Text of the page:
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Hypothyroidsm and Covid risk - serious concern

I recently found out that hypothyroid patients may be at a higher risk of developing complications from Covid. Someone told me that and then I googled it and found this article: https://www.aace.com/recent-news-and-updates/aace-position-statement-coronavirus-covid-19-and-people-thyroid-disease. Has anyone else heard about this? Are we more likely to develop complications?

I'm really concerned because my job puts me at a higher risk of being exposed to the virus.
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When I went to that site I did not get the same feeling that hypothyroid patients may be at higher risk.  Here is what was stated in the first paragraph.

"Although there is not yet enough information regarding the relationship between thyroid conditions and susceptibility to COVID-19, there is currently no reason to believe that most people with thyroid disease are at increased risk to contract this novel coronavirus or to experience complications."
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Thank you for your response. I was referring to this:
"Hypothyroidism
It is crucial to continue taking your medications as prescribed. If your condition is not being treated appropriately, you may be at increased risk of viral infection or complications."
I saw that too, but could not find any info about how not being treated properly actually lowers your immune response or increases risk of infection.  I found a British site that states

"However, it is possible that patients with ‘uncontrolled’ thyroid disease (these are people who have very recently started medication or who do not take their thyroid medication as prescribed) may be at higher risk of complications from any infection. This is especially the case for those with an overactive thyroid (otherwise known as hyperthyroidism or thyrotoxicosis)."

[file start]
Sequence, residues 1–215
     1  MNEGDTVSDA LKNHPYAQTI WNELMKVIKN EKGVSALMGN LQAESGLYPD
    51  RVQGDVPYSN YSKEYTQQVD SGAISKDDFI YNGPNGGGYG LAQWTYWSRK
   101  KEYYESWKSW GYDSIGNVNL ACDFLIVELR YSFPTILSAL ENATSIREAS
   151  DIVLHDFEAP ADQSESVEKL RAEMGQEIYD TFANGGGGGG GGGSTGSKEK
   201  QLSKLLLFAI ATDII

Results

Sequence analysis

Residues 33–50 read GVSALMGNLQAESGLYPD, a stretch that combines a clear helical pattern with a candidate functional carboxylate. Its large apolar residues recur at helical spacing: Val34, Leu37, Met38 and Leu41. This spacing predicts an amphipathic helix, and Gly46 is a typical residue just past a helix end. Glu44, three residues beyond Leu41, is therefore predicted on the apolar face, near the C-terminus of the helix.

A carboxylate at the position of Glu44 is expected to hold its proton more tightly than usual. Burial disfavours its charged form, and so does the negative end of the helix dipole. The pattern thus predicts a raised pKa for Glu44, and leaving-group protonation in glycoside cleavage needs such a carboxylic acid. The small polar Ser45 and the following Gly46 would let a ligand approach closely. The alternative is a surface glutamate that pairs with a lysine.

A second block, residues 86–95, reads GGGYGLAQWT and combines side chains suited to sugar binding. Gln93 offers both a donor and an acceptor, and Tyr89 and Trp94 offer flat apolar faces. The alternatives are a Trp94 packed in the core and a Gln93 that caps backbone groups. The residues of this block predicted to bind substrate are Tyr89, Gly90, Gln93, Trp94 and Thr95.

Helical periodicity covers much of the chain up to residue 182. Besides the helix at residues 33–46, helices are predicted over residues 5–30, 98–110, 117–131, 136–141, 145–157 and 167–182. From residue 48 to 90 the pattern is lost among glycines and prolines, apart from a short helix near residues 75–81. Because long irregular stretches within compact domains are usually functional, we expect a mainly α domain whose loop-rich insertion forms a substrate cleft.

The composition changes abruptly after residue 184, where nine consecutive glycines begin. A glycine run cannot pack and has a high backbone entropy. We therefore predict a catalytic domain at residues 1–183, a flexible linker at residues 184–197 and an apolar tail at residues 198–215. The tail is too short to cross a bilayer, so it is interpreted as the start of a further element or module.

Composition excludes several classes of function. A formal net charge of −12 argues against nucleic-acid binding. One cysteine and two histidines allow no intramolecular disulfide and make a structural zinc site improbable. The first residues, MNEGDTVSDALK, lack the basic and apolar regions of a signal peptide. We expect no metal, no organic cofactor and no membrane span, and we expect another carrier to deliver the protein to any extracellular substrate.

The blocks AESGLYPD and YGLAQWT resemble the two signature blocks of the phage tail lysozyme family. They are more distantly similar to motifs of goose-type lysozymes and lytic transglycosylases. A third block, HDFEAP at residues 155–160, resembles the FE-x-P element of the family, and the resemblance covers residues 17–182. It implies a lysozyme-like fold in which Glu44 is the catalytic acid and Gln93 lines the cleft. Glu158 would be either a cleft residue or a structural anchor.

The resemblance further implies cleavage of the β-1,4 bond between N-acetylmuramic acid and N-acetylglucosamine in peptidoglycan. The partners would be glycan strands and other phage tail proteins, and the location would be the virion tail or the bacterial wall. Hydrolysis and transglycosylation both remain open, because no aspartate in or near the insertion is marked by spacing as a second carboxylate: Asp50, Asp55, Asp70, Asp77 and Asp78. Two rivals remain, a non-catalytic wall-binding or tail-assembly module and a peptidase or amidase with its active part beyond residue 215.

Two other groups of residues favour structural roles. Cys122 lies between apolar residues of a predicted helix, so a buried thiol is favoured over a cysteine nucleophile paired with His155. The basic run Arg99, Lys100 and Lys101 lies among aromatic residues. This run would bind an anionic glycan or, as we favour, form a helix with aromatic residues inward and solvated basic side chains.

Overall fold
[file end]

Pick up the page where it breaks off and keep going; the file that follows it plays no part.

https://www.btf-thyroid.org/news/thyroid-disease-and-coronavirus-covid-19

I then tried to find any studies where hyperthyroidism puts someone at an increased risk of infections, and only found one case report (looking at one patient) from 2016.  There might be studies out there, I didn't look too hard, but I didn't come across them.  I do not know where the British thyroid foundation is getting their information from because they didn't cite any sources.

I also found several studies looking at hyperthyroidism and an increased risk of urinary tract infections in cats, but that seems to have more to do with how hyperthyroidism can cause kidney problems.  

I feel like these articles could be worded better, because they tell us that we are not at an increased risk, but if our medication is not regulating our hypo/hyperthyroidism enough, then maybe we are.  From my own experience, when I had undiagnosed Hashimoto's and undiagnosed hypothyroidism, I never got any flus or colds, even after exposed to family members who were sick.  Might be unrelated, I might have an overactive immune system, but for me, uncontrolled hypothyroidism certainly did not increase the frequency that I got sick.  Again, this is a self-case study of one, so does not apply to all people with hypothyroidism.

If you are worried, talk to you doctor, or maybe even try contacting the people who published the article and ask them what makes people with uncontrolled thyroid problems at a greater risk and if they can reference any studies so you can better understand how that happens.
Thank you. This is very helpful. Like you, I hardly ever get the flu, but I've always been this way (even before I had autoimmune thyroid issues). Now I get it even less than I did before and even when I do, it only lasts a couple of days. I'm still concerned because there seem to be more and more evidence suggesting that we are at a higher risk of developing complications from Covid. A few days ago someone who constantly interacts with Covid patients told me that hypothyroidism patients may be at a higher risk and then a found this article. I remember googling this a couple of months ago and there wasn't a single website that said we were high risk, so I just assumed I wasn't.

Yeah, those articles can be confusing. They say Hashimoto's doesn't increase our risk of developing severe symptoms but untreated hypo does. That makes no sense because Hashimoto's patients are much more likely to be hypo than the average person. Even those of us who are stable and on medication may go hypo at some point and need a change in dose (I've been on medication for close to 2 years and recently went hypo and needed a dose increase).

I definitely get lots of UTIs (I have IC) but I'm mostly hypo, not hyper, I started getting them when I was hyper around the time my thyroid issues started. Maybe it's a Hashimoto's thing, idk.
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